WORCESTERSHIRE councils have denied the Home Office’s claim that they should take responsibility for housing asylum seekers.
Following claims that The Pear Tree Inn and Country Hotel near Worcester, is being used as temporary accommodation for asylum seekers, the Home Office said it was urging local authorities to do all they can to help house people permanently.
However, Worcestershire County Council, Worcester City Council, Malvern Hills District and Wychavon District Councils, hit back, releasing a joint statement.
It said: “The arrangement of accommodation for those seeking asylum is a matter for the Home Office.”
The Home Office said it does not comment on operational arrangements for individual sites used for asylum accommodation, so it would not confirm if the claims made regarding the hotel are true.
However, a local resident contacted Newsquest saying the hotel is now closed to the public but residents had been kept in the dark about its change of use.
Despite several calls, nobody from the hotel would confirm or deny that it was being used for asylum seekers.
A Home Office spokesperson told the Worcester News that the use of hotels to house asylum seekers is “unacceptable.”
They said: “The number of people arriving in the UK who require accommodation has reached record levels and has put our asylum system under incredible strain.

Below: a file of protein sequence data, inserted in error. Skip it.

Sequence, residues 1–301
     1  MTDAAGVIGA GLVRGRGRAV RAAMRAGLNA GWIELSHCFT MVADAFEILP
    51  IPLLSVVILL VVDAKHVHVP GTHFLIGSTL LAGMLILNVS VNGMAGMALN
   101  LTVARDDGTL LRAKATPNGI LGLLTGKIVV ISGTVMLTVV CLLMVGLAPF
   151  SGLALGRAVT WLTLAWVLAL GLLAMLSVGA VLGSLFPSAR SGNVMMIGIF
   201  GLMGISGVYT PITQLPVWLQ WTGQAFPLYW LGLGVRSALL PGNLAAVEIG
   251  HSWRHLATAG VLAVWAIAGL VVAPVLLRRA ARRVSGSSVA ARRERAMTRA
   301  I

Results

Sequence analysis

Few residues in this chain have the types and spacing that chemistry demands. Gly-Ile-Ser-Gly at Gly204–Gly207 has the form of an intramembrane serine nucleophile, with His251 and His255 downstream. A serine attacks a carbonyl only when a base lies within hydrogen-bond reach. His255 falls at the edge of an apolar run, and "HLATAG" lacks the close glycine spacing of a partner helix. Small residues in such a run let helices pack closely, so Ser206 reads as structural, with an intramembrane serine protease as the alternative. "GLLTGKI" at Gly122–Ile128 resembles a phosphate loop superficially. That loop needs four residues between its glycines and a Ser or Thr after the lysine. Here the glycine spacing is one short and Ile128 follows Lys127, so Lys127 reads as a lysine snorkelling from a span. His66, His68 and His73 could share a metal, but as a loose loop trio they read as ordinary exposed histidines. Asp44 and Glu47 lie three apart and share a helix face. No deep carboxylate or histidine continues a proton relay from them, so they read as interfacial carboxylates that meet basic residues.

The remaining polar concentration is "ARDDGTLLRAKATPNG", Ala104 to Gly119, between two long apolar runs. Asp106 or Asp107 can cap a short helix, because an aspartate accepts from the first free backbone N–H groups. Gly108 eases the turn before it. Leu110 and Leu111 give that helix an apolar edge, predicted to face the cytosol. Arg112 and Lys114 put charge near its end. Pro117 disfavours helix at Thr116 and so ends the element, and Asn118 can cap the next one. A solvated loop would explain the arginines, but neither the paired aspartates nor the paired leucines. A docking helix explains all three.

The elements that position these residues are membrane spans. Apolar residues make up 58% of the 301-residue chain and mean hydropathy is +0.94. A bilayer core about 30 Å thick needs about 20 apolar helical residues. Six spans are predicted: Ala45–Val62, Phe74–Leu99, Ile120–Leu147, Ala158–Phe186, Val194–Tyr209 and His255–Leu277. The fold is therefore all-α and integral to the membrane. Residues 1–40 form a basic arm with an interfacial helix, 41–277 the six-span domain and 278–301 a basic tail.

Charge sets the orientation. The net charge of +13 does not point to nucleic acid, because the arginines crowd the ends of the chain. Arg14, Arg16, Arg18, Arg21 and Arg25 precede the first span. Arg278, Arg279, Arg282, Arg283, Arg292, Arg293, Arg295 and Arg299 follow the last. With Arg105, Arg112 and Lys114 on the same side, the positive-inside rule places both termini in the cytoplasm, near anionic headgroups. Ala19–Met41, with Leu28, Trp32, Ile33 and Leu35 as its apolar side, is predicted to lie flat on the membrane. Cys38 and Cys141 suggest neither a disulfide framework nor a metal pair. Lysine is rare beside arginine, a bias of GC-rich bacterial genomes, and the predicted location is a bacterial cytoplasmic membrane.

“The use of hotels to house asylum seekers is unacceptable – there are currently more than 37,000 asylum seekers in hotels costing the UK taxpayer £5.6million a day.
“The use of hotels is a short-term solution and we are working hard with local authorities to find appropriate accommodation.”
The Home Office has assigned ‘Asylum Accommodation and Support Services Contracts’ to a variety of providers across the UK to help with housing.
For the West Midlands and East of England, Serco handles the asylum support services contract, with an estimated value of £1.9 billion according to the Serco website.
Home Office data also says that the total hotel cost is £6.8million, which includes the cost of accommodating asylum seekers in hotels at £5.6 million a day.